HDC decision

By Dr Peter Moodie, College Clinical Advisor

5 July 2022

Category: Clinical



A recent coroner’s report has highlighted the need for a management plan to ensure that important tests like INRs for patients on warfarin are carried out in a timely manner and that those test results are acted upon. Practice protocols are critical if this is to occur.  


The case involves an 83-year-old Tongan woman who sadly died in September 2021, suffering from multiple intracranial haemorrhages and an epidural haematoma.  There was also suspicion of an underlying intracranial metastatic disease.  She had a past history of atrial fibrillation, biventricular heart failure with pulmonary artery hypertension, tricuspid incompetence and type 2 diabetes.  She had been taking warfarin since 2016.

The patient had been admitted acutely some 13 days before her death, with deteriorating consciousness and back pain.  Along with the brain haemorrhages she was found to have an INR of over 10.  

The patient was admitted to hospital in September 2021; however, her last INR test was carried out some 18 months previously in March 2020. Notwithstanding she had been given five repeat prescriptions for warfarin from three health practitioners at the practice. During this same time four unrelated blood tests were requested without an INR.

Coroners finding

The coroner’s formal finding was:

“The cause of death was multiple intracranial haemorrhage and epidural haematoma with suspected underlying intracranial metastatic disease. Her supratherapeutic INR level as a result of her warfarin medication was an antecedent cause”. The coroner identified that the patient should have had her INR tested routinely as part of her prescribing. The expert advice to the coroner identified that monitoring the INR was a fundamental part of patient care.

The practice

The practice acknowledged that prescribing without the appropriate testing should not have happened and explained that the failure had occurred as a result of a “breakdown in communications”. 

Unfortunately, the coroner did not delve deeper into what and how this “breakdown in communications” had occurred.  It is only by exploring these  issues that others can learn from the tragedy. The practice and practitioners accepted the coroner’s criticisms of the care provided to the patient and the practice has now put in a number of processes in place to ensure this does not occur again. 


It is a shame that a case like this has to occur to highlight that there is a responsibility for practitioners and practices to have clear protocols around the management of important medications such as warfarin.

Communicating effectively to ensure continuity of care, especially in patients with chronic conditions is essential in situations where there are multiple clinicians providing care to the patient.

The tragic, but avoidable outcome was a failure to adhere to basic standards of care when prescribing warfarin.  Practices and practitioners can create an environment where the risk of a similar error occurring can be minimised.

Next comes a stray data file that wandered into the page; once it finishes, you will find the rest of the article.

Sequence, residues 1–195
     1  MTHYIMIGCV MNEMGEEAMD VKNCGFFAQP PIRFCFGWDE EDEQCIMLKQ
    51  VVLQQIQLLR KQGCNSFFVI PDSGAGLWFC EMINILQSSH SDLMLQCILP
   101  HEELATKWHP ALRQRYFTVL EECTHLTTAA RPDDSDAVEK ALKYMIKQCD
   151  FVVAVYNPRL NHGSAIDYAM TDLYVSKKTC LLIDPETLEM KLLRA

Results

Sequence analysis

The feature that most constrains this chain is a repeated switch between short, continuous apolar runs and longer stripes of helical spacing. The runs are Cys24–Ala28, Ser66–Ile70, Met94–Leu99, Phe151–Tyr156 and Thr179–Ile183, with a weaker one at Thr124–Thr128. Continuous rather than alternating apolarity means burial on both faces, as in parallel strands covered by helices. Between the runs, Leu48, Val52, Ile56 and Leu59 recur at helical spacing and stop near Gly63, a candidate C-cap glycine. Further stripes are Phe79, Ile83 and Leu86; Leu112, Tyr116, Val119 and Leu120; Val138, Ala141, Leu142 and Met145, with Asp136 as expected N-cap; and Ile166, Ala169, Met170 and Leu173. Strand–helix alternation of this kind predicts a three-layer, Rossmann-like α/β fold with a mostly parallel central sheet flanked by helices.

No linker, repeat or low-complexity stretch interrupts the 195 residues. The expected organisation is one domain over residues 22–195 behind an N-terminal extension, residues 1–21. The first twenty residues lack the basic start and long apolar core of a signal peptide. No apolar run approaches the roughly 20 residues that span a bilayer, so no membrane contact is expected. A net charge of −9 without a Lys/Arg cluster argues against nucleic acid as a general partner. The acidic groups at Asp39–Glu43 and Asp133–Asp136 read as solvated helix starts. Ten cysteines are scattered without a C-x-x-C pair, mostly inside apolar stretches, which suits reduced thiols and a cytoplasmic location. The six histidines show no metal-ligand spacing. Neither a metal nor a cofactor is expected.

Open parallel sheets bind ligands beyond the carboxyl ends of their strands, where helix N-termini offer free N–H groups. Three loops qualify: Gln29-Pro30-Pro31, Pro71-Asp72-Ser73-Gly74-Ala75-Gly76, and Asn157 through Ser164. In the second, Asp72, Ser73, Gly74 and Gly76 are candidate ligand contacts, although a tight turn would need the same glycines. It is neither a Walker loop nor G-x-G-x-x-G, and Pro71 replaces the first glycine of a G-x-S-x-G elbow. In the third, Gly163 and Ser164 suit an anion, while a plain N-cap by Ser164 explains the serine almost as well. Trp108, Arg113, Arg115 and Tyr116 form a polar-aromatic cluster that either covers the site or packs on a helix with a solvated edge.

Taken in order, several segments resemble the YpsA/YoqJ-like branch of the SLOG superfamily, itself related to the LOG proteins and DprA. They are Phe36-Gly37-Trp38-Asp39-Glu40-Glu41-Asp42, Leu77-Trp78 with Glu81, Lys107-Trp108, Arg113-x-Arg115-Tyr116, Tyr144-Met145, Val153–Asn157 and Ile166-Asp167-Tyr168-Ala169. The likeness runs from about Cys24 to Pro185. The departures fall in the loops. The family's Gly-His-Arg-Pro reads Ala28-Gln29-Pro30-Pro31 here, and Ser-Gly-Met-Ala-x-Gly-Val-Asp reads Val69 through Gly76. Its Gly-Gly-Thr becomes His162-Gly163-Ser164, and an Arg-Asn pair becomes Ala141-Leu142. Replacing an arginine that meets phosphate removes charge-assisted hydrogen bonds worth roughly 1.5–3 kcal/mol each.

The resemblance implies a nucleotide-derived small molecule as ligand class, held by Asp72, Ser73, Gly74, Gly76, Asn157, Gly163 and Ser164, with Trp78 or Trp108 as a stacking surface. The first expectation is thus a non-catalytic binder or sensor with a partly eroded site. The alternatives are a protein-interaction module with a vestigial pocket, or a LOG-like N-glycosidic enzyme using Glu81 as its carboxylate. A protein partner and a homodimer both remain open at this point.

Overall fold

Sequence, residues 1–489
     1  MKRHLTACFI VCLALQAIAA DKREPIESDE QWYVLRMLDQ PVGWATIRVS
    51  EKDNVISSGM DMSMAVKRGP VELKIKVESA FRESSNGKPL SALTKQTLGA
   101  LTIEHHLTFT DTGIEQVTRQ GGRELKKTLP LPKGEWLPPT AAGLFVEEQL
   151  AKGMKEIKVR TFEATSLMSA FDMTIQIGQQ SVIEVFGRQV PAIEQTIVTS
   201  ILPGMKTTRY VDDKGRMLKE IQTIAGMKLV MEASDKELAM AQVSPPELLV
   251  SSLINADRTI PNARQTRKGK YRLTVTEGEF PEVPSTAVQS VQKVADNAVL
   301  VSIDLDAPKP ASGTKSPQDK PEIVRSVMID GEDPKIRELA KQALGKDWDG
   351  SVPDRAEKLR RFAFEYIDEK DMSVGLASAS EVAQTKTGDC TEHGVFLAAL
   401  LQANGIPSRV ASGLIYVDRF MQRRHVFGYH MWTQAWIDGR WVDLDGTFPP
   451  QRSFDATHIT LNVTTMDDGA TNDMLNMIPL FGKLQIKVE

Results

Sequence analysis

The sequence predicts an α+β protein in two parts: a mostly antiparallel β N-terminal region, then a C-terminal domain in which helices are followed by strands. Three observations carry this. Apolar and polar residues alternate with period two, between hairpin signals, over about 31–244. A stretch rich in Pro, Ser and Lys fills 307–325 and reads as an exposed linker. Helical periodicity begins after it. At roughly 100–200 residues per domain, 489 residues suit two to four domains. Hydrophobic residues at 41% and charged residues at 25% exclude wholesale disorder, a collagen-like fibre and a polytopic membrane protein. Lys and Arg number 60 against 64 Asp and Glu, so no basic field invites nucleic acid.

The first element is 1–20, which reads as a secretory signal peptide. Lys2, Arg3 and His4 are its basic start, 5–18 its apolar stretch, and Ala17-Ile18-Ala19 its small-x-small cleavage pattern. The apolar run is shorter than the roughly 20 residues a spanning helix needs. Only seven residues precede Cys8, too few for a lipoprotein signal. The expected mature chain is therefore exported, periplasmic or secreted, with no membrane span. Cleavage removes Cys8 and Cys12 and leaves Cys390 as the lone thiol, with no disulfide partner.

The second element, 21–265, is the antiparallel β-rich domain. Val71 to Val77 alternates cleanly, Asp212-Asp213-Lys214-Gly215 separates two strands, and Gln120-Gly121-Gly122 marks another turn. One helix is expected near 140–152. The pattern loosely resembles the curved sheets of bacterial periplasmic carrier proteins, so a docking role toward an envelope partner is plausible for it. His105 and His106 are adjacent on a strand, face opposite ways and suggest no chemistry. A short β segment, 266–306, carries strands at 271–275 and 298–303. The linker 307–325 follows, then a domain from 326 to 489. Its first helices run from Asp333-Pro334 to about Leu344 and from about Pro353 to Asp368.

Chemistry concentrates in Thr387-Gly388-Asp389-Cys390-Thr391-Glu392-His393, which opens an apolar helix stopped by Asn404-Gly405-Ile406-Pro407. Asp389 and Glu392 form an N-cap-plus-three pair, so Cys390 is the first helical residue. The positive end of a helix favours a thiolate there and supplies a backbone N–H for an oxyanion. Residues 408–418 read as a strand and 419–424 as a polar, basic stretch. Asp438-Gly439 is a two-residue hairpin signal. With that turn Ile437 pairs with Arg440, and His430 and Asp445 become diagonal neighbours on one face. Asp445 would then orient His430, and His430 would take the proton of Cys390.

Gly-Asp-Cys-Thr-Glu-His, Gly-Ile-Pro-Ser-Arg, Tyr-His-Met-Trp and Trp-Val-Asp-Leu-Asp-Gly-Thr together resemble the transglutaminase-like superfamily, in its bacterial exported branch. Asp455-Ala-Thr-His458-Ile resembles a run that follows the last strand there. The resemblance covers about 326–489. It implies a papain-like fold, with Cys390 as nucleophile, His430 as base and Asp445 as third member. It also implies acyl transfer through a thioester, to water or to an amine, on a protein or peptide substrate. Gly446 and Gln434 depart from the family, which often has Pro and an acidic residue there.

Maintaining professional responsibility, ongoing professional scrutiny and professional development ensures there is an awareness and adherence to best practice.  Practices must  implement processes to ensure  critical testing is carried out.

The coroner has stated:

“I do however consider it appropriate to draw the importance of INR monitoring when prescribing warfarin to the attention of all general practitioners” and “further guidance is available on BpacNZ. I direct that these findings be provided to College of General Practitioners for dissemination amongst its members.”

Quality Programmes comment on INR testing and warfarin prescribing.

The Foundation Standard includes several touch points to ensure good practice processes are in place to help support both individual clinicians and practices against cases with fatal outcomes.

Indicator 1: The Code of Health and Disability Services Consumers’ Rights, 1996
The patient is entitled to the right to effective communication and the right to be fully informed.  

Indicator 5: Continuity of care
Requires a documented clinical correspondence and investigations policy and procedure be in place. This policy includes how the practice manages and tracks their laboratory results as well as other types of clinical correspondence. 

Indicator 9: Prescribing and medicine reconciliation
requires practices to have a documented repeat prescribing policy and procedure. Regular auditing against the policy would have helped identify any adherence discrepancies and possibly caught this earlier.  

Indicator 13.3.The practice complies with National Adverse Events reporting policy
Practices should be following The National Adverse Events Reporting Policy 2017 , Once a significant event occurs and is reported, the practice initiates a quality improvement process, identifying, analysing and correcting the risk of reoccurrence. 


The scenario presented here demonstrates that if a practice adheres to the requirements of the Foundation Standard and keeps these requirements up to date, the level of care they are delivering should not only be safe and of a high quality but also safeguard against unfortunate events such as this happening.

Practical tips for checking the practice’s anticoagulation therapy management 

Review the practice’s current system with the clinical governance team and determine:

  1. Is there a current documented process on how INR management occurs in the practice?
  2. Is the process concordant with best practice?
  3. Is there regular auditing to identify patients who should be having INR testing and those who have been missed? 
  4. Would the practice benefit from having practice nurses trained to manage INR and anticoagulation titration using standing orders? 
  5. Is medicines reconciliation occurring in a timely way from secondary to primary care, especially with anticoagulation treatment?